Waunakee School District reverses decision on all-virtual start to school year for K-4 students
WAUNAKEE, Wis. (WMTV) - During a Board of Education meeting Monday, the Waunakee School District voted to reverse its decision on an all-virtual start to the school year for K-4 students.
In a 4-3 vote, the board voted to adopt a four-day in-person hybrid school week for students in grades K-4, with half days on Mondays, Tuesdays, Thursdays and Fridays.
There will be a.m. and p.m. sections, and Wednesday will be used for remote learning while the schools are cleaned. Members of the same household will be placed in the same section.
The board voted unanimously to keep students in grades 5-12 learning virtually for the beginning of the school year.
Parents of K-4 students will still have the option to opt for all-virtual learning.
Before the board voted during Monday’s meeting, many spoke up about their feelings on the issue including some parents who asked the board to consider in-person learning. One father spoke about his son having autism and how virtual learning has not been the best fit for the family. Another parent spoke, saying he has seen other districts with less resources decide on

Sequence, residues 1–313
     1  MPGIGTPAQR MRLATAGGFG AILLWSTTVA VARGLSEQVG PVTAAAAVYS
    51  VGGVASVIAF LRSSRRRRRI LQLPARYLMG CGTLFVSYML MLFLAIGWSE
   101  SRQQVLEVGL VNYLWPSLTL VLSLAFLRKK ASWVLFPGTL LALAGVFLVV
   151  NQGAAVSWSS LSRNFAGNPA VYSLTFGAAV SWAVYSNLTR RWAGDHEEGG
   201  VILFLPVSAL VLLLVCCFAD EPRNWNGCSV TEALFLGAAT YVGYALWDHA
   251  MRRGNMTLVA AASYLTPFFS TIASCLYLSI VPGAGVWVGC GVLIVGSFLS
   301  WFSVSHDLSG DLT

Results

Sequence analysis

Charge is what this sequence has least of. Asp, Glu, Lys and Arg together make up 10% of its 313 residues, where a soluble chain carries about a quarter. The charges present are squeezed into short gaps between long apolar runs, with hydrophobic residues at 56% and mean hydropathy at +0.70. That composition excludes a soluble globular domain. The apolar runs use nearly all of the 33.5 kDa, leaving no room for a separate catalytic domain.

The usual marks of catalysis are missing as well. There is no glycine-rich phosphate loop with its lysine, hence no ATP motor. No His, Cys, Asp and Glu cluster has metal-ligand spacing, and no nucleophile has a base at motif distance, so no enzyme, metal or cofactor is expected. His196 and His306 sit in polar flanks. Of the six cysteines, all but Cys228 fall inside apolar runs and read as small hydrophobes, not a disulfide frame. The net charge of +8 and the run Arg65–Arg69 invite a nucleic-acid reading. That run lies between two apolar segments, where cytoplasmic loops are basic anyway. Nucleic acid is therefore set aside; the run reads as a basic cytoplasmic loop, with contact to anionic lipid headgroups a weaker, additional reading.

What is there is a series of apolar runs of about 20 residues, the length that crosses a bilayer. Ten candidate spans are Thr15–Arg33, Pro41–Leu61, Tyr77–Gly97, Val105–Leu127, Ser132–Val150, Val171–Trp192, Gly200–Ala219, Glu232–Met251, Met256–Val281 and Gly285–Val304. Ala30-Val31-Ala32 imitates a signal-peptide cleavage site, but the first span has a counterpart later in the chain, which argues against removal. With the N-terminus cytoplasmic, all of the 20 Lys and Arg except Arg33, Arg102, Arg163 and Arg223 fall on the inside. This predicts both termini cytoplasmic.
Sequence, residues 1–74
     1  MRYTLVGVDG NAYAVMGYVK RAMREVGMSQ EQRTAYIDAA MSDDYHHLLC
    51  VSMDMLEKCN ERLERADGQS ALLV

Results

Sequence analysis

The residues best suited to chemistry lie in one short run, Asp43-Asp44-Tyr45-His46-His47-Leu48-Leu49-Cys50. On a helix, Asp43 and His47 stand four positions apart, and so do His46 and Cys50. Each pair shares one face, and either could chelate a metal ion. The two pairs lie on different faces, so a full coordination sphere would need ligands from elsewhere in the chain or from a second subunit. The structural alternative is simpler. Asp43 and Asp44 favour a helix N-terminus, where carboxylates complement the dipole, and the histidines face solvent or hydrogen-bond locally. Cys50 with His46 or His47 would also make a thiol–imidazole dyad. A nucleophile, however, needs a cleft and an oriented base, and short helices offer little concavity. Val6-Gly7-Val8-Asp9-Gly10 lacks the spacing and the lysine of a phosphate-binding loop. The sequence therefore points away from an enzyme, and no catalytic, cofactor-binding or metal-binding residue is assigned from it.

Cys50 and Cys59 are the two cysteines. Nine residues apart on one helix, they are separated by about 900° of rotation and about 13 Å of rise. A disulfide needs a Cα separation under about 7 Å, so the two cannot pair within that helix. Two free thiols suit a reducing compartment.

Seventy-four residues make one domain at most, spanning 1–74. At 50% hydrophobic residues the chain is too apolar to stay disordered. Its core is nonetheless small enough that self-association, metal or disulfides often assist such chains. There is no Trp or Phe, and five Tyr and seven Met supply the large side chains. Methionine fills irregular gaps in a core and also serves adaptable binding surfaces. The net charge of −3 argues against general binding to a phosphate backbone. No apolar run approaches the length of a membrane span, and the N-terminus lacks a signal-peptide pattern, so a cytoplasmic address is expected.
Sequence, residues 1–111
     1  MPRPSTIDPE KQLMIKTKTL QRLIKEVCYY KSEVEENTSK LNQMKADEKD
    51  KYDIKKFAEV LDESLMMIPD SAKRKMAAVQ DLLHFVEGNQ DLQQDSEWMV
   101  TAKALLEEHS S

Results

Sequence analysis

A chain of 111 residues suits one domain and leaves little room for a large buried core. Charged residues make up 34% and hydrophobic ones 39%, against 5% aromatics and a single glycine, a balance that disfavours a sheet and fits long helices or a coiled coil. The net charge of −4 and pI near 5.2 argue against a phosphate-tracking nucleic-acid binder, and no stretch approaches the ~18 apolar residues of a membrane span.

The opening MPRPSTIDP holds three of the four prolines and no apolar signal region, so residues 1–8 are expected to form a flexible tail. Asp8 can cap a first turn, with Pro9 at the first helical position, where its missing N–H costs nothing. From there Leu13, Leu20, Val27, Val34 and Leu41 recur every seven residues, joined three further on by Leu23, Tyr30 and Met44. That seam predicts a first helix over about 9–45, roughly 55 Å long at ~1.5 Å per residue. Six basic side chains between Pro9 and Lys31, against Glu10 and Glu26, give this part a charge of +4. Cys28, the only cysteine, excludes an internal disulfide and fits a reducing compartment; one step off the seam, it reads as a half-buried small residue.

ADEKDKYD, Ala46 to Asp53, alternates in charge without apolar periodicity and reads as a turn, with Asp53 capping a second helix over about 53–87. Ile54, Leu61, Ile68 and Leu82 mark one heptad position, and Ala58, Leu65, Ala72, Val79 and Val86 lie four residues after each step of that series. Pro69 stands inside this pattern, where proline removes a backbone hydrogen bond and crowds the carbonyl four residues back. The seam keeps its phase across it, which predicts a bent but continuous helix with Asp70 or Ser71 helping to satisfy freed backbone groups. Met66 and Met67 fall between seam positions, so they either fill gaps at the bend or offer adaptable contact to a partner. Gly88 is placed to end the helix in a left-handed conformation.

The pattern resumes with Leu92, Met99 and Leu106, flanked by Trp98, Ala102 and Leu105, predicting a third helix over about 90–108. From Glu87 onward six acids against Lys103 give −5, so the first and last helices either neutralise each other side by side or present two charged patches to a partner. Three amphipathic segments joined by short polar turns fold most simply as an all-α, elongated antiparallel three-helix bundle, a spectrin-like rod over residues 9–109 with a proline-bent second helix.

NBC15 reached out to the district following the vote. Superintendent, Randy Guttenberg says it would have been impossible to come to a decision that would please everyone.
“We are trying to put forth the best educational opportunities for our kids,” said Guttenberg.
He says its been a challenging time for families and the district as a whole. “Speaking for my staff, we miss our students. We didn’t get in this business to work behind a computer screen...we came into this business to work with students,” he said.
He also says things need to be handled in the safest way possible.
While Governor Evers is denying claims that he is planning to mandate virtual learning statewide, we asked the superintendent for his thoughts on the matter.
“There’s always challenges with how to universally make a decision across an entire state versus an individual district but putting it on the local communities causes some big challenges.”
He says this has created division in the community. “Which is not what we’re about as an educational entity. We’re about bringing people together,” said Guttenberg.
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